Executive Dismissal Power – Bylaws II.II § 1 (1) and Bylaws II.II § 1 (6):
Redbook Section in Question:
Redbook Constitution or Bylaws?: Bylaws
Article: II.II – Appointed Officers
Section: 1 – All Appointed Officers
Clause: 1 and 6
Name: Matthew Irwin
Position/Affiliation: Director of The Campus Events Board
Question (Be as specific as possible):
Article II.II Section 1 Clause 1 appears to allow the President and some appointed officers to appoint officers of the Executive Branch. The “designee”s referred to in this clause appear to get their power to appoint officers as an extension of the President’s power to do so.
Article II.II Section 1 Clause 6 appears to give the President the power to dismiss appointed officers from the Executive Branch “with or without cause”.
The question: Does Clause 6 give designees an extension of the President’s power to dismiss those they appointed, with or without cause, similar to the extension of the President’s power to appoint people in Clause 1. As an example, if a Director was appointed by the President, and then given the power to appoint their Associate Directors, Chairs, and Vice Chairs as stated in Clause 1, do they then also have the power to dismiss those Associate Directors, Chairs and Vice Chairs that they appointed, with or without cause
For ASUU Office Use Only:
Attorney General:Seodam Kwak
Text Section in Question:
Bylaws II.II § 1 (1) [Under All Appointed Officers] “Officers of the Executive Branch shall be appointed by the President or designee and shall perform such duties as may be requested by the President.”
Bylaws II.II § 1 (6) [Under All Appointed Officers] “All appointed officers of the Executive Branch shall serve at the pleasure of the President and may be dismissed from office with or without cause upon 10 days’ written notice from the President. Any officer Attorney General of the Associated Students of the University of Utah.
who is dismissed more than (30) days prior to the final day of that academic semester shall not be compensated for that semester.”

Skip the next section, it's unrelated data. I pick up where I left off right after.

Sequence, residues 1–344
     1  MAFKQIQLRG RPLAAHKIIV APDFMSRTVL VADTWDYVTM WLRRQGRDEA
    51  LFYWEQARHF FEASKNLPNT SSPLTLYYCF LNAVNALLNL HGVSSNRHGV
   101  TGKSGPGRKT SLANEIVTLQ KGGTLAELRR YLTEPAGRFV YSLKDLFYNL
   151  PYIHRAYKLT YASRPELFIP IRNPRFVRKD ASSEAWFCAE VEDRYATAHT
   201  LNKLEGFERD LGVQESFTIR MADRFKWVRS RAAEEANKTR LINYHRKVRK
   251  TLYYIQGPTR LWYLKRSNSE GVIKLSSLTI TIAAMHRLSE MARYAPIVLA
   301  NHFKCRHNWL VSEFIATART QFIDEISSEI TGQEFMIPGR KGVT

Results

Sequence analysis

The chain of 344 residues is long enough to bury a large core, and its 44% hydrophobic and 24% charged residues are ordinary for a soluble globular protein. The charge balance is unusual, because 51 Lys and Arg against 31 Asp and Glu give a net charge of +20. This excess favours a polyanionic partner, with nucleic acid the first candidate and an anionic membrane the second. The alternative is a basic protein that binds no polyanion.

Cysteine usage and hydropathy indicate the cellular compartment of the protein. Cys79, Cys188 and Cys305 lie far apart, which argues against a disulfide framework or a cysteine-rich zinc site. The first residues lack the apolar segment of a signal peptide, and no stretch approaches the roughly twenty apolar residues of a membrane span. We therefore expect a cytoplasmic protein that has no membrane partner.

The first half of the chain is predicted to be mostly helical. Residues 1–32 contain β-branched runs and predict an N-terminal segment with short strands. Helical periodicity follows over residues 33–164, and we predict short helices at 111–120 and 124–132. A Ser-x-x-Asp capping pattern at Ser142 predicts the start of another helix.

As found in the text in Bylaws II.II § 1 (1), “any officer of the executive branch” that serves and performs the duties desired by the president has to be appointed by the current president. The power of appointment can also be further supported by Redbook IV § 2 (2.1) which states, “To rescind Executive Branch appointments.” The previous clause is originated from Redbook and with the incorporation of the supremacy clause (Redbook II § 1 (4)), shall supersede any duty affirmed by the bylaws. Hence, the power of appointment is bestowed by the Redbook as unequivocally exclusive to the president.
However, further examining the language of Bylaws II.II § 1 (1), which states “Officers…shall be appointed by the President or designee…”, emanates a principle of entrustment. In this case, the principle of entrustment is exhibited by the action of the president allocating their own presidential power of appointment to a designee. In this clause, as the president has the choice to relinquish their power of appointment, it is insinuated that the choice to transfer their power of appointment to a designee is a presidential power in itself granted by the Redbook. As noted above, the Redbook text not only recognizes the presidential power of appointment, but additionally protects the power to willfully delegate their power. When considering the text in Bylaws II.II § 1 (6), it explicitly states “…10 days’ written notice from the President.” This clause illustrates the process of dismissal, when the dismissal of an appointed officer is invoked. Nevertheless, as the president is the one who is required to compose the written notice, this suggests that the power of dismissal is also an exclusive presidential power. As the Redbook recognizes the power of delegation as a reserved power for the president, this shall also be extended to the power of dismissal. Therefore, the president shall be able to designate the power of dismissal to an appointee of choice.
The practice of the president appointing directors, with the directors then appointing their associate directors, chairs, and vice chairs has long been accepted. Most of the time, the directors of the respective boards are conducting interviews, reviewing resumes, and also making the ultimate determination of whether the applicant’s interests and capabilities best reflect the goals of the presidency. The directors, while managing their boards, work with the appointees side by side and have the best knowledge of their officers’ performances and achievements. It only makes sense that the one who appoints, shall also have the power to dismiss, as they have the best knowledge and first hand encounters of their officers. In conclusion, it shall be ruled that the directors of their respective boards also have the power to dismiss, in the form of a delegation of presidential power and must abide by the process of dismissal described in Bylaws II.II § 1 (6). Additionally, when a dismissal of an officer occurs, the dismissal shall only be recognized as valid when the written notice is devised by the president.